Today, I am attending City Camp MN, an unconference that brings together people working for local government, elected officials, non-profits, neighborhood groups, private-sector developers, journalists…basically anyone interested in making our communities better through technology. The idea is that we can collaborate and by doing so, we can come up with solutions better than if we were to all just work on our own. This is of course the basic theory that underpins the idea of government itself, but it is more than that, too.
Steven Clift introduced City Camp Minnesota. He is director of e-democracy.org and leads a class at the Humphrey School. His class is helping to run this unconference. Food has been provided thanks to a number of sponsors.
While yesterday was 11/11/11, City Camp MN is taking place on 11/11/11 +1.
Session ideas were posted on a board and voted on with stickers. In a magic room, that will be used to help determine which sessions we have today. If we don’t like what was picked, vote with our feet!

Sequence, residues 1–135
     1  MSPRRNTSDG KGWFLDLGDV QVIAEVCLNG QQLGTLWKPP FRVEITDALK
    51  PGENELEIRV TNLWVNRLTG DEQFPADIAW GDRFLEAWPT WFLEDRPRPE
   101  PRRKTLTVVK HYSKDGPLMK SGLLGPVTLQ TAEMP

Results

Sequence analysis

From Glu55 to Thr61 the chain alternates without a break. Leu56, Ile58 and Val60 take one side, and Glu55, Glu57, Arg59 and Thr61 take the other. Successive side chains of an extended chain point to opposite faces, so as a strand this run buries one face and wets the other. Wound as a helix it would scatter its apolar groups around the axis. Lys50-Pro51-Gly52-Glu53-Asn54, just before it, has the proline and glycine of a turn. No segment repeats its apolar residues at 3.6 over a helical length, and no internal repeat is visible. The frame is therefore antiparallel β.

Four principles of UnConferences. This is Open Space!
Otto Doll, CIO of Minneapolis, led a great discussion on open data. Here are my notes on that discussion.
The city of Minneapolis has a lot of data. That gets put together in information presented to the community by the city. However, what raw data should be shared publicly? (Not all data can or should be shared.) How is that data shared? If we put this data out there, do we put it out there forever? Do we keep publishing it forever? Archiving it forever?
Today was my first time attending a City Camp or any conference that used an unconference format.
I’ve helped plan a “normal” conference, so I was curious how an unconference would work in comparison.
I’m sure unconferences vary. Here’s my take on the one I attended.
A Chasing After Wind is not just a short story collection; another story surrounds the telling of these stories. These contemporary stories walk the border between science fiction and fantasy, where moments of humor emerge from tragedies. Is this struggle in vain, a chasing after wind? Or does everyone deserve a second chance?
I am a web designer and developer with a passion for web standards, accessibility, usability, and information architecture. My toolbox includes hand-coding XHTML and CSS, Drupal, ColdFusion, and all things Adobe.
When my head is not in the web, I enjoy walks with my wife and dog through our lovely neighborhood (walks with our cat proved counterproductive), time with friends, traveling, reading, movies, fantasy and science fiction, Blu-Ray, a nice meal now and then, and all things iPhone.
If I were a flavor of ice cream, trust me, it would not be IE6.